That’s what I asked myself on the day I was diagnosed with a menstrual cycle disorder called endometriosis earlier this year, and it felt as if a weight was finally lifted off my shoulders to know there was an actual medical condition causing all my pain and suffering.
Being diagnosed with this disorder made me aware of the gap in education and medical care that still exists when it comes to women’s health and the need to hold open conversations about these topics without shame.
I had always suffered painful cramps during my period, but over the years, they progressively grew worse and the pain which I felt only during my periods started to show up even when I wasn’t menstruating.
This constant pain went on for about three months, and I quickly learned to ignore it and took over-the-counter pain killers when the pain was too intense to ignore but soon the pain grew worse and the painkillers stopped working.
I decided to visit a gynecologist, who first treated me for another condition and prescribed some medication and told me to return in a week after finishing my medication, but the pain did not subside.
This happened for another month and I even saw another gynecologist, but they all seemed to not consider my condition serious and sent me home because the regular lab tests showed no abnormalities as the cause of my pain.
Was this really in my head?
It was not until I saw a YouTube video by a famous Korean vlogger, Gabie Kook, about being recently diagnosed with endometriosis after years of being in agony and not knowing the reason why.
Her experience and symptoms she described were similar to mine, so I suddenly felt validated and empowered to return back to the gynecologist and seek treatment – not just dismiss the pain which was affecting the quality of my life.
The next time I returned to my gynecologist, I brought up the possibility of me having endometriosis, and it was not until then that the proper steps to diagnose and treat me were taken.
Endometriosis is a disorder where the tissue that makes up the uterine lining (the lining of the womb) grows outside the uterus and is usually found in the lower abdomen, or pelvis, but can appear anywhere in the body.
Women with endometriosis often have lower abdominal pain, pain with periods, or pain with sexual intercourse, and may report having a hard time getting pregnant.
The possibility of not being able to get pregnant was especially scary for my husband and I — we recently got married earlier this year — so finding a specialist we could trust was imperative.
Due to these symptoms being so common with regular periods and widely accepted as normal inconveniences, they can often be overlooked or not taken seriously by doctors faced with these patient’s complaints.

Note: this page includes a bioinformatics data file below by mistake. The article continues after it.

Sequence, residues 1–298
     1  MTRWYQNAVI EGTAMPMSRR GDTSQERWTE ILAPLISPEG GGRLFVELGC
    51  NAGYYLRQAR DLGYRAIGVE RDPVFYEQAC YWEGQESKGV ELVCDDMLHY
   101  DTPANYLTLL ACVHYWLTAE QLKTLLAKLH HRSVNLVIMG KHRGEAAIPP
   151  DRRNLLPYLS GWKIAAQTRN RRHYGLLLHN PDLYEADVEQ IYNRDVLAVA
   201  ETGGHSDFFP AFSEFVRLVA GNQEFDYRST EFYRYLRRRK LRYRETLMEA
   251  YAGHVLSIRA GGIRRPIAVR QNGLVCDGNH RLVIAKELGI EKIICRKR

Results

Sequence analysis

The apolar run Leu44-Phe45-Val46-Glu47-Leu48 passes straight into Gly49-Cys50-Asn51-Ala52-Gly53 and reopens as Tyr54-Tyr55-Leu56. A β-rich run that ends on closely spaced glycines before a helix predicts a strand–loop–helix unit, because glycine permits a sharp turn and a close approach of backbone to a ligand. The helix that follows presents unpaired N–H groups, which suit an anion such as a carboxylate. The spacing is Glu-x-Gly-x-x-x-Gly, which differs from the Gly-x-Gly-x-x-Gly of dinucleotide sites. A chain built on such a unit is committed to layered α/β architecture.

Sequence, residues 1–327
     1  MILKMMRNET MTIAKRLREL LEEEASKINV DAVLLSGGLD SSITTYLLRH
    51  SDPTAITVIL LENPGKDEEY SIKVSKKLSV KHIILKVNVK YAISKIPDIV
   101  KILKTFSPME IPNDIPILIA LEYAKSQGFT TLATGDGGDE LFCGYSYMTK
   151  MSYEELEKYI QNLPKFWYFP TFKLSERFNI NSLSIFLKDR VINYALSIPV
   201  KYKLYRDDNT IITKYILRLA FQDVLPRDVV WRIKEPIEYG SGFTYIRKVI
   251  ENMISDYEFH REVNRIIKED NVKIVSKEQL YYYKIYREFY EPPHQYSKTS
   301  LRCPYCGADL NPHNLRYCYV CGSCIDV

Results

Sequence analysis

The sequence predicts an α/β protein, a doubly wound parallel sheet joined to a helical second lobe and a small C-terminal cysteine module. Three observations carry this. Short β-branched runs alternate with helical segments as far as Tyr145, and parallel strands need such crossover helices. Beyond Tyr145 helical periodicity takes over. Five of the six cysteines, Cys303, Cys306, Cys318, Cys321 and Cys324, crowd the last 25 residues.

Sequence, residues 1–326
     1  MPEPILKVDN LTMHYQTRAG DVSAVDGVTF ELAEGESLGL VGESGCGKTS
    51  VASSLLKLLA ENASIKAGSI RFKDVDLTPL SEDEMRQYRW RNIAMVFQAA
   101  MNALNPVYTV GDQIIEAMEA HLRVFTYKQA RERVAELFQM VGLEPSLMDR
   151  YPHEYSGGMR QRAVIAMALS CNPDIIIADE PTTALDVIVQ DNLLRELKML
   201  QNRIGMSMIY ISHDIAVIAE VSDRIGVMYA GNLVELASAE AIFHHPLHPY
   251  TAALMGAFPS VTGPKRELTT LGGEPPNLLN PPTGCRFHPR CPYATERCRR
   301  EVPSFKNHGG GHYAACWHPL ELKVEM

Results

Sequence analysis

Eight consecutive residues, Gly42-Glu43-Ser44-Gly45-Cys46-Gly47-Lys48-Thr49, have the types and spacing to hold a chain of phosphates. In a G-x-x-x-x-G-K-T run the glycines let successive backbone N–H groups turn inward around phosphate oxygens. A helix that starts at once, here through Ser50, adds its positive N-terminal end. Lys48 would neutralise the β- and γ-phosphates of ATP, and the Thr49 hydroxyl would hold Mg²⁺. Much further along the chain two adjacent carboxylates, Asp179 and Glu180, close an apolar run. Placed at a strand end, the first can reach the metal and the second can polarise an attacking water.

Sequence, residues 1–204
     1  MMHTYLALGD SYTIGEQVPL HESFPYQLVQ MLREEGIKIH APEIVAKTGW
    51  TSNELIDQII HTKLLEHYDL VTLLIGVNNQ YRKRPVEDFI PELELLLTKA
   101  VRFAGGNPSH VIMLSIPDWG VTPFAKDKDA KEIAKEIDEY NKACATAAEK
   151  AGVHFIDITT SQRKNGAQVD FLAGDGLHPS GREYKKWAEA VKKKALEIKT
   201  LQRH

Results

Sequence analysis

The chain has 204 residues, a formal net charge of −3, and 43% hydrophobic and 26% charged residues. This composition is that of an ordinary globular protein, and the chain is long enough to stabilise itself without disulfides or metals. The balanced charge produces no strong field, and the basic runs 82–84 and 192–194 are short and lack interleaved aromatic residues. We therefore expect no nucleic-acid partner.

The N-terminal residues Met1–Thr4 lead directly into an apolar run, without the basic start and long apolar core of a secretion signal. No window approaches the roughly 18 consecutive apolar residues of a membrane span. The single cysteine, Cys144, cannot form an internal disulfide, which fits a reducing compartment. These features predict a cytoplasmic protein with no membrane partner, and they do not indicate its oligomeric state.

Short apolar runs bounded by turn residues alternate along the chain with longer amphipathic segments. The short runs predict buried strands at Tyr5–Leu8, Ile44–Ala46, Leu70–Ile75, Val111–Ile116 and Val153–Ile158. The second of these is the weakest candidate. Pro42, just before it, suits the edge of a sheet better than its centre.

Endometriosis is estimated to affect between 3% and 10% of reproductive-aged women but many women can go undiagnosed their whole life.
One of the reasons why the percentage of the affected varies so much is that endometriosis is difficult to diagnose because it won’t show up on ultrasounds, pap smears, or even regular blood tests — it is diagnosed through a small surgical procedure.
Since there is no cure for endometriosis, I have adopted a healthier lifestyle — I started yoga, journaling (which first started to track my symptoms), and I gave up alcohol which causes inflammation in the body and makes endometriosis symptoms worse.
My husband and family have been extremely supportive throughout this journey, and I couldn’t thank them enough for making me feel safe and comfortable when talking about my condition.
Oftentimes, women don’t talk about these topics with their friends and family, let alone in a public platform because it truly feels as if your issue is something personal and inappropriate to talk about with others.
Now, I feel comfortable in publicly sharing my experience with others in hopes of reaching someone who may be suffering from this condition, like Gabie Kook reached me through her Youtube video.
I encourage other women to first take ownership of their health and find a doctor that listens and provides them with solutions based on their personal needs.
I would also like to encourage those who have been diagnosed with endometriosis to share their experiences, and hopefully by having more frequent conversations about this disorder, awareness can be raised so that better diagnosis methods and treatments are developed.